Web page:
Once more we must leave to our chil
dren the precious legacy of a good name.
In all things let us be just. While zeal
ous for our rights, let us be also careful of
the rights of others. Let us cherub no
resentments. Let us indulge no unworthy
ambitions. History records with appro
bation the annals of a virtuous people.
Let such be our record.
Republics are said to be ungrateful,
and it seems sometimes as if the rush and
tumult of the age overwhelms all nobler
sentiments. But we are building not for
a day, a year or perhaps for a century.
The march of man is toward a more per
fect civilization; his destiny is among the
stars. Our duty, as we have endeavored
in part to set forth, is io all ways to
hasten his progress.
The L.ate 91ra. Iaie Holllnter.
The late Mrs. Isaac Hollister, who was
buried in Port Byron on Sunday, was one
ot Rock Island county's earnest settlers.
She was born in Dearfied, Mass., June
20, 1801, her maiden name being Martha
DeWolf. She was married to Mr. Hoi
lister on Nov. 13, 1803, and resided there
five years, com ing to Illinois by way of
the Erie canal and the lakes to Chicago
in 1S33. Tbey first settled on a farm
south of Chicago, where they remained
three years, and in 1S3C they sold their
property and embarked in a prairie
schooner for Rock Island county, and
settled on a farm in what is now known
as Coe town slip, where tbey resided
until 1SC5, when they removed to Port
Byron, where tbey made their home.
Mr. Hollister died Oct. 14, 185, leaving
four children, all of whom survive his
widow. They are: William, who resides
in Grundy county, Iowa; Reuben G. and
Edwin II., who live near Port Byron, and
Mrs. James Bell, who resides on the old
homestead. Mrs. Hollister was a true
christian women, gentle in manner and
possessed of a lovable disposition, which
endeared her to all with whom she came
Maw llt- (Shadow.
This is ground hog day, and those who
have been consoling tnemselves all day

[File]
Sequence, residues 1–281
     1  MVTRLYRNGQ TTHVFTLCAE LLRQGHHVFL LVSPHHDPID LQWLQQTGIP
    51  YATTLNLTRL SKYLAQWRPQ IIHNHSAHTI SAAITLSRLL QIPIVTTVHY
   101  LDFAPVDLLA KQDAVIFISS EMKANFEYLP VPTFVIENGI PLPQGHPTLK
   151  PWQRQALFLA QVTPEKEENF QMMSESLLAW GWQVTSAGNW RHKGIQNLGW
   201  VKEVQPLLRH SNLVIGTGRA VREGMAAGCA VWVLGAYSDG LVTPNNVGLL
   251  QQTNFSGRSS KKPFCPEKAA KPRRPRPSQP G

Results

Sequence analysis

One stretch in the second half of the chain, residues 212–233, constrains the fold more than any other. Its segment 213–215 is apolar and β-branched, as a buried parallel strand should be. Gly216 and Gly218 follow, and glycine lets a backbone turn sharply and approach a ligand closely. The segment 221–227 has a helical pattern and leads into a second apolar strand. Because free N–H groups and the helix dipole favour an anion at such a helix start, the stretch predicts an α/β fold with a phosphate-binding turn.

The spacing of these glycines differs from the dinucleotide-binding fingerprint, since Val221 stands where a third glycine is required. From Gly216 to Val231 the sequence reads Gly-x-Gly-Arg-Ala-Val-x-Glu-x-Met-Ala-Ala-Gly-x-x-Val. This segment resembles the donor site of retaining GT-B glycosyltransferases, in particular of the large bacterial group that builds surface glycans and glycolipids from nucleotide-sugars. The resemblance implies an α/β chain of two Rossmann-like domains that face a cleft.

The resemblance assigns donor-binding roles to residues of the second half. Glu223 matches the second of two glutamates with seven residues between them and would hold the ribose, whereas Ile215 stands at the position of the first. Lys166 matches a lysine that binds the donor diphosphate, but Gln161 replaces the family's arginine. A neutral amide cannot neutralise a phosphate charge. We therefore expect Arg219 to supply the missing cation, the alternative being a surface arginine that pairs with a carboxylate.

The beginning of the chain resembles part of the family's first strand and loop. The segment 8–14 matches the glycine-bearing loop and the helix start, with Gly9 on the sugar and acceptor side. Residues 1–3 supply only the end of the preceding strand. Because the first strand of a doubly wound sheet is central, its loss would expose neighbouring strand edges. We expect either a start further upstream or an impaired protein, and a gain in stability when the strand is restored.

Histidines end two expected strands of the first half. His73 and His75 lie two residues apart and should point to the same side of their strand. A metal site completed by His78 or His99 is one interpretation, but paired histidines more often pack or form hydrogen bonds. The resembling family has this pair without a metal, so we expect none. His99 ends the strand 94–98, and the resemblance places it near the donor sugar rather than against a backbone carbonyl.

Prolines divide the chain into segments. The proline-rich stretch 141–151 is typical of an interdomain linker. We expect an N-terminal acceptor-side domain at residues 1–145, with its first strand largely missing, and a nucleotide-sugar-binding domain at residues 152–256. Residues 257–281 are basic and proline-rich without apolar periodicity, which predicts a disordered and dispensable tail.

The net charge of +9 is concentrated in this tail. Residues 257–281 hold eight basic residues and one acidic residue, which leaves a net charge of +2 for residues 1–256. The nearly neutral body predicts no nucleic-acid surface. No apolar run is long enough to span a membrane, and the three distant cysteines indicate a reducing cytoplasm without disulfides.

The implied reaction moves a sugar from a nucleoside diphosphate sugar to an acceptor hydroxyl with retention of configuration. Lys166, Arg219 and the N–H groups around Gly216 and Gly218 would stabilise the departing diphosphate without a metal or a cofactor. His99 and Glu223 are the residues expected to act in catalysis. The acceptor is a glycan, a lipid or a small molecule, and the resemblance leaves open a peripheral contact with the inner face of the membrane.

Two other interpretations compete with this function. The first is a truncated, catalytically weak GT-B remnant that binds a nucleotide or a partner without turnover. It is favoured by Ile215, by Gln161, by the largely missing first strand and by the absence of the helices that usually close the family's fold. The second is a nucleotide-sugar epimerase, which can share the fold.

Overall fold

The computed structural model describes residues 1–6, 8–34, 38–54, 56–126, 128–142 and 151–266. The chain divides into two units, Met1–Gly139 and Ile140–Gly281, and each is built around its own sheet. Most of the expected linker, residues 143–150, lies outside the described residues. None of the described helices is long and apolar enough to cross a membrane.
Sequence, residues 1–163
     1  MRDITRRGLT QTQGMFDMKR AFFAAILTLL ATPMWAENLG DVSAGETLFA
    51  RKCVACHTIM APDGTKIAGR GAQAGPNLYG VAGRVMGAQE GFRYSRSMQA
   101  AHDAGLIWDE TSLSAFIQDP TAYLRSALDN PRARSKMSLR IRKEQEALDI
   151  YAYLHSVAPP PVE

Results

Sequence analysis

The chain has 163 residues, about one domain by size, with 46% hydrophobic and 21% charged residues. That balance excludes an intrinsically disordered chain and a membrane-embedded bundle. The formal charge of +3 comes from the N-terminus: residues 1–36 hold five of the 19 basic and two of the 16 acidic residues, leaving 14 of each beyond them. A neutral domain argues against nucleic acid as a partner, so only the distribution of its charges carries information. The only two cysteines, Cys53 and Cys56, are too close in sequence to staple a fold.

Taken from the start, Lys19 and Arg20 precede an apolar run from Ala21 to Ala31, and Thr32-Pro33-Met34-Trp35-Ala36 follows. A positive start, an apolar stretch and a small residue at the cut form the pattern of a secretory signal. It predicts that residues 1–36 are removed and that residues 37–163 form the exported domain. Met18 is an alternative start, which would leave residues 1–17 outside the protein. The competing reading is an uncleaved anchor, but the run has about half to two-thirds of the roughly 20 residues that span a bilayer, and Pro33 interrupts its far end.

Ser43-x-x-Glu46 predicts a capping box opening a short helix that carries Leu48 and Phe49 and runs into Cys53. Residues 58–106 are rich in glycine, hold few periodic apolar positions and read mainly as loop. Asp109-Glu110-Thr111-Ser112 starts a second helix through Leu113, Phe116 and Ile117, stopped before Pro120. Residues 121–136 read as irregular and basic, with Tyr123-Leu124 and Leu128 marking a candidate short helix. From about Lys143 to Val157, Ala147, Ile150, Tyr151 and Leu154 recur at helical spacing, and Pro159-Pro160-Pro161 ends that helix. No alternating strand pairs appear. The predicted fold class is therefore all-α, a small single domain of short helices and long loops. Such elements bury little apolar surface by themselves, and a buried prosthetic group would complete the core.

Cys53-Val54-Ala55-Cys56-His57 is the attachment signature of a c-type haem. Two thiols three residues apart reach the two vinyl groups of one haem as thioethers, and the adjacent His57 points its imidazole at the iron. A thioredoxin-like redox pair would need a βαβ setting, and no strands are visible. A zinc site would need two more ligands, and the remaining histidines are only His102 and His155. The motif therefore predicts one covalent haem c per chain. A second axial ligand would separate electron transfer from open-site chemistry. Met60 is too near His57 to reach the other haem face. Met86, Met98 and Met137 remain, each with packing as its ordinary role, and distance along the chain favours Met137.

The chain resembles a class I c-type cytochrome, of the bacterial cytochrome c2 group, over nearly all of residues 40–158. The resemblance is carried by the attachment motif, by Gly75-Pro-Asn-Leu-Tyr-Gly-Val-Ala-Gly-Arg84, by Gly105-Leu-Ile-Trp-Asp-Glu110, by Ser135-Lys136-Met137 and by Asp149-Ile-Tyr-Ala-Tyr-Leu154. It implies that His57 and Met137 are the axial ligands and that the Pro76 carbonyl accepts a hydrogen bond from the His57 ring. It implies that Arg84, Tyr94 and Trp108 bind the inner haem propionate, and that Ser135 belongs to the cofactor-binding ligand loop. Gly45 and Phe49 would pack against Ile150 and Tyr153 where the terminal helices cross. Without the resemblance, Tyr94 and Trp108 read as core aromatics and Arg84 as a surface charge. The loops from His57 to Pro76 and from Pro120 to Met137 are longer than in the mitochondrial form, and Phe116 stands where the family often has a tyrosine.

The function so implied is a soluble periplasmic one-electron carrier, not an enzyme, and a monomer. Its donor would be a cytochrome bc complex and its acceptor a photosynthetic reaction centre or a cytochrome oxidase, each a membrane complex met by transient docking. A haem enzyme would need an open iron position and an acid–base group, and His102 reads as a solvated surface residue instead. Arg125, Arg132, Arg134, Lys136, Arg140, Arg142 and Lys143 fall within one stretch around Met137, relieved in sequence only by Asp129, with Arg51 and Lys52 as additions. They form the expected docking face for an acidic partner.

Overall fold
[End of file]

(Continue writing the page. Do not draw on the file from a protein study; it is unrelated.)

with the impression tbat the little beast,
upon whose movements at this particular
time the weather conditions so greatly
depend has failed to discern his shadow
and will remain on earth insuring fair
weather, are doomed to disappointment.
Just as the animal emerged from bis hole
this morning tte sun shot out from be
neath a cloud and simultaneously Mr.
Ground Hog turned tail and was seen no
more. Consequently the spinal column
of winter is still unbroken.
"Mj Sangbier'a Life
Was saved by Hood's Sarsaparilla," says
Mr. B. B- Jones, of Alna, Maine. "She
had seven running sores in different
places on her body, but on giving her
Hood's Sarsaparilla there was a marked
improvement and now she is well, strong
Hood's Pills cure Constipation by re
storing the peristaltic action ot the ali
mentary canal. They are the best fam
The best medical authorities say the
proper way to treat catarrh is to take a
constitutional remedy, like Hood's Sarsaparilla.
Still la It.
I am daily questioned as to whether or
not I have disposed of my street sprink .
lers. an erroneous impression having
gained currency to that effect. I am still
in the business and will run the street
sprinklers next summer as usual.
Every mother knows how disagreeable
and annoying rash or any other skin erup
tion is to her babe dnring the winter
months, when the child gets so little fresh
air. Hot Springs Skin Salve is the thing
for it For sale by all druggists. Hartz
& Bahnsen, wholesale agents.
Cubeb Cough Cure One minute.
Stanley as an explorer, Edison as an
inventor, Mist Flora A. Jones as the
discoverer of the famous Blush of Roses
for the complexion ; axe the names that
will be handed down as benefactors of
the race, to all recorded time. T. H.
Thomas comes in for his share (of the
profits) as he always keens a big supply
on hand, and sells it for 75 oents per bottle.
CABLE AT WORK,
Numerous Bills Fop TuMic Im
Apprrpria'Iona For Harbors at Itoek
iMlaart, limine and Port Ityron
Aked For by Oar
According to today's Washington dis
patches bills for public improvements
were introduced in the house by Con
gressman Cable yesterday as follows:
By Congressman Cable Thr. t
$10,000 to complete the improvements at
the city of Port Byron, 111., on the Mis
sissippi river; 565 000 for improving the
iiaruor as iuoiioe, ill., and J 35.000 for the
harbor at Rock Inland.
Fail to do Our Duty.
Evervbodv h an fit timpQ f uilf,1 tn A
their duty toward themselves. Hur-
ureua n iauy readers sutler from sick
headache, nervousness, slecplesness and
female troubles. Let them follow the
eximp'e of Mrs. H. Herbechter, Stevens
Point, Wis,, who for fi
greatly from nervous prostration and
Bieepiessness, tried physicians and differ
ent medicines without success. But one